And that’s not all, Kurzweil predicts that nanotechnology (microscopic machine organisms) will transform the world: “Cell-size robots will zap disease from our bloodstream,” writes David Kushner. “Superintelligent nanotechnology, operating on a molecular scale, will scrub pollution from our atmosphere. Our minds, our skills, our memories, our very consciousness will be backed up on computers -- allowing us, in essence to live forever.”
Meanwhile, micro-computers will blanket the earth, possibly incorporated into such odd hosts as rocks and trees. Need directions for how to get to McDonald’s in 2045? Ask that tree over there -- and have it place your order in advance while you’re at it.
Sounds like this could be a pretty sweet deal, moving into the Playboy Mansion of your cyber dreams, or fighting goblins in a never-ending World of Warcraft digi-game... until someone pulls the plug on whatever Xbox your mind is living in.
Theories on The Singularity go back a couple of decades. In 1993, Vernor Vinge, a mathematics professor at San Diego State University, predicted that large computer networks or Artificial Intelligence (AI) computers will “wake up” within 30 years, becoming entities with superhuman intelligence. “Shortly after, the human era will be ended,“ he claimed, possibly with some SkyNet-style AI deciding to roast us out of existence in the style of The Terminator films.
Both Kurzweil and Vinge are up in the genius realm when it comes to technology. Kurzweil, for instance, is a specialist in pattern recognition who created the first programs to teach computers how to read text and translate text into speech.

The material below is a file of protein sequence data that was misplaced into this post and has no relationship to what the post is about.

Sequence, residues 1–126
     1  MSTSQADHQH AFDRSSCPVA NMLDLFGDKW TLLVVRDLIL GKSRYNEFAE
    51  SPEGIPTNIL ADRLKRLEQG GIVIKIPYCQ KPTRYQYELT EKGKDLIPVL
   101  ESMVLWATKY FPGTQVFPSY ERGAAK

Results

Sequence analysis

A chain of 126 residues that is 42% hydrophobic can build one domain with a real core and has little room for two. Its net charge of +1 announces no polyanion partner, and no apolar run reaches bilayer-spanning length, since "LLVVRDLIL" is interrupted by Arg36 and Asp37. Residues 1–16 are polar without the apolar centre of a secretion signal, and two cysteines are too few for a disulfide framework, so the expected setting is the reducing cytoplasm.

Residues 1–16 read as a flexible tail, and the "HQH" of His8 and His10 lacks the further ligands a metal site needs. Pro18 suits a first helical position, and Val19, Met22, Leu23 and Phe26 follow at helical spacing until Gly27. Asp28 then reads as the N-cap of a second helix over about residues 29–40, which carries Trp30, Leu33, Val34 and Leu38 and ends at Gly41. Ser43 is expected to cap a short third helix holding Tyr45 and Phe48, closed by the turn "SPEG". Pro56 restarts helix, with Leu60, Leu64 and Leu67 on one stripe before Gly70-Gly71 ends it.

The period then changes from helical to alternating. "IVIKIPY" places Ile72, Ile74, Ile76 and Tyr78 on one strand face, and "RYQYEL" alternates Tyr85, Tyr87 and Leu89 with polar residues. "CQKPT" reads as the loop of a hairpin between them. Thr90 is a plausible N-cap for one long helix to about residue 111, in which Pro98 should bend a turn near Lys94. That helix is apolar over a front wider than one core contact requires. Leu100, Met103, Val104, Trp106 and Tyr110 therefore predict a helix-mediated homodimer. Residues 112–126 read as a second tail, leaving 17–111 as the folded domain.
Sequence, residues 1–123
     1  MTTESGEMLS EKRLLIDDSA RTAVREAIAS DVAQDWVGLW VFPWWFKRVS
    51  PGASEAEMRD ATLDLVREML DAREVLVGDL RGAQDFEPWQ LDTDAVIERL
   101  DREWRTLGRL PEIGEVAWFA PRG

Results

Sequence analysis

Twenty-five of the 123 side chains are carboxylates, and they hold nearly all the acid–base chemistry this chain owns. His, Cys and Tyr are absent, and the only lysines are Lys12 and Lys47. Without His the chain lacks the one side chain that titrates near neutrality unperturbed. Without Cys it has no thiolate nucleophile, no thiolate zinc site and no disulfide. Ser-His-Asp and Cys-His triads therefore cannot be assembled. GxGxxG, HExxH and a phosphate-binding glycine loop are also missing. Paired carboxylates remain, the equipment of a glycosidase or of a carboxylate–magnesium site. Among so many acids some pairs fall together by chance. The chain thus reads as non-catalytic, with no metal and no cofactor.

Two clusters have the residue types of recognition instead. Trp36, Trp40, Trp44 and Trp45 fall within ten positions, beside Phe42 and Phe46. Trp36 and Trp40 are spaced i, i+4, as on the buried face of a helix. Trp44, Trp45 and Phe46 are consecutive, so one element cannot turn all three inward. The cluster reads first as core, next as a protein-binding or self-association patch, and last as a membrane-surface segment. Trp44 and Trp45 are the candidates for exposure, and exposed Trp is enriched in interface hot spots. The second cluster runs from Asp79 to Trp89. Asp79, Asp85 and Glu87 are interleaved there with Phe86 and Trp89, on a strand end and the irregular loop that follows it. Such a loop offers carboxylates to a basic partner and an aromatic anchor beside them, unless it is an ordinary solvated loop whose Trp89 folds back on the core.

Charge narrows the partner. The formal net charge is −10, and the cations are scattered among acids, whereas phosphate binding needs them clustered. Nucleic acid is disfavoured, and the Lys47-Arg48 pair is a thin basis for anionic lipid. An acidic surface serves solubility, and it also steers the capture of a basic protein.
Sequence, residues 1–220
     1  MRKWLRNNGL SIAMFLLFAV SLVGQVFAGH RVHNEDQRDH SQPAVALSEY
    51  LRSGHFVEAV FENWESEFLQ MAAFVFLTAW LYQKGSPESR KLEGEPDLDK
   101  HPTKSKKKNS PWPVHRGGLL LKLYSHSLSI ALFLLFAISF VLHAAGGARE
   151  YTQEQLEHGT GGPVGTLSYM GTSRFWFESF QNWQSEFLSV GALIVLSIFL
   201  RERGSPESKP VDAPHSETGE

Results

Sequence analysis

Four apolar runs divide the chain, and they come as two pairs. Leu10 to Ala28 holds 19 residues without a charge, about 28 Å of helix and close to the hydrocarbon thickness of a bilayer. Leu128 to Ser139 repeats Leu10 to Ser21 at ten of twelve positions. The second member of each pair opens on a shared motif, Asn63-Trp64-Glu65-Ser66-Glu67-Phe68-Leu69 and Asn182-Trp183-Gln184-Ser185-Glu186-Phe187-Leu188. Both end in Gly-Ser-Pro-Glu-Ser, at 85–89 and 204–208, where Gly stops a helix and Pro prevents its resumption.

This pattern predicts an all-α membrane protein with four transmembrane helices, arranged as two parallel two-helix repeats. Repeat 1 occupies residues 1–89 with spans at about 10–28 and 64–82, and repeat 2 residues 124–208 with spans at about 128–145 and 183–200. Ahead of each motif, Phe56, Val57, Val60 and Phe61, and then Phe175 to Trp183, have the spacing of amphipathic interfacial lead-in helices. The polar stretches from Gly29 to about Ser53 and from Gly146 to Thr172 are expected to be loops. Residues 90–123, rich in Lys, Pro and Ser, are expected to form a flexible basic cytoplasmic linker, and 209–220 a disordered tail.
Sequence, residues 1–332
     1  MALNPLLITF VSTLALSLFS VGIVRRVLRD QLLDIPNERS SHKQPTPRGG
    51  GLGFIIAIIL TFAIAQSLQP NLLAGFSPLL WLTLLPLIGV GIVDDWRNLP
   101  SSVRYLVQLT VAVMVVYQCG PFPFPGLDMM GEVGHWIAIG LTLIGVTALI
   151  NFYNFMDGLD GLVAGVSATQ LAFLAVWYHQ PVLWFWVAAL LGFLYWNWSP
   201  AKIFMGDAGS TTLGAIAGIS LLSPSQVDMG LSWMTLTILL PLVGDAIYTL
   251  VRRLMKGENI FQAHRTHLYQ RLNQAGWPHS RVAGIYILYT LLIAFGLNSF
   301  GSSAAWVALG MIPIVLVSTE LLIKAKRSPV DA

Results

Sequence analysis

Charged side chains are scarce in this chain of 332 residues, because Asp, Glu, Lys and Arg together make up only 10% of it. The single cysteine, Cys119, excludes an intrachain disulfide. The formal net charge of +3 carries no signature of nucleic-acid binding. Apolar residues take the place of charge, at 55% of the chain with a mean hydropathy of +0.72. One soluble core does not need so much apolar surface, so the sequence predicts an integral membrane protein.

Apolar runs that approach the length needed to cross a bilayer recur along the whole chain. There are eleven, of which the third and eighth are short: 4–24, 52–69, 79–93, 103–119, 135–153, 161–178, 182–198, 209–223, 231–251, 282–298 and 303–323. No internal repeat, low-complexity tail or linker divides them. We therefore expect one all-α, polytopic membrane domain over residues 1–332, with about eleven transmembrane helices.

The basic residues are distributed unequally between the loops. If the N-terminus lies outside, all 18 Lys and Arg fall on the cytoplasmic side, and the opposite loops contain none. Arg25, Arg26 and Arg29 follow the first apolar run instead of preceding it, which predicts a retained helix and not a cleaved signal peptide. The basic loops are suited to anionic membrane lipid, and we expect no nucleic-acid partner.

Kurzweil claims that the ability of computers to soak up knowledge is advancing so rapidly that we will experience the equivalent of 20,000 years of progress over the next 100 years. That’s why he takes 150 supplements per day, hoping to live long enough to have his brain downloaded into the hard drive of eternal life.
Perhaps we’d do well to heed their warnings on things like nanotechnology. As in the book, Prey by Michael Crichton, we could reach a time when a diabolical AI creates an unstoppable tide of self-replicating nanobots that nibble away all life on earth in a matter of months.
In 2000, Bill Joy, the co-founder of Sun Microsystems, wrote an essay in Wired magazine entitled “The Future Doesn’t Need Us,” imagining the earth devoured by micro-robots who decide to get rid of the human race: “They could spread like blowing pollen, replicate swiftly, and reduce the biosphere to dust in a matter of days.”
Interesting stuff, but some may take comfort in the thoughts of Thomas Ray, a biologist who has simulated artificial life. Ray notes that Microsoft has enough trouble trying to keep its operating systems from crashing, much less taking over the world. “The Singularity won’t happen because software sucks,” adds another critic.
Amen, brutha’.
Add to that the fact that futurists always seem to get it dead wrong.
Thirty years ago, we were all sure that by the 2000s, most people would be slim, fit, and walking around in Lycra unitards, like in a Star Trek episode; probably listening to some kind of techno Muzak. And we’d all be super smart, thanks to the daily intelligence pills we’d be taking.
But as it turns out (now that some of us have lived long enough to see “the future”) fat & dumpy tends to rule the day at the shopping mall, with kids embracing the baggy-ass gangsta’ look with the backward baseball cap, tribal tattoos and piercings. Spacey disco Muzak? Try rap and hardcore metal.
So, today’s “future” looks nothing at all like what we imagined in 1984. (Another dystopian miss, by the way. These days, the surveillance cameras of “Big Brother“ are welcomed by fearful citizens as watchdogs against crime.)
It might be nice to someday have your mind and memories downloaded into a robot body on par with that of, say, Hugh Jackman or Angelina Jolie, but you have to imagine that there would be something not... quite... right... about your new life as a ghost in a machine.
Things like farts, nose hair and saggy boobs would disappear from the human experience, but would living in a hard drive really be all that rewarding? Would a strawberry still taste as sweet? Would a hug from your robot relatives still give you the warm fuzzies? Would you gain eternity, but lose your soul? Someday, you may find yourself knocking boots with your rubber robot lover, wondering how to comb a nanobot infestation out of your silicon hair, and thinking, is this all there is?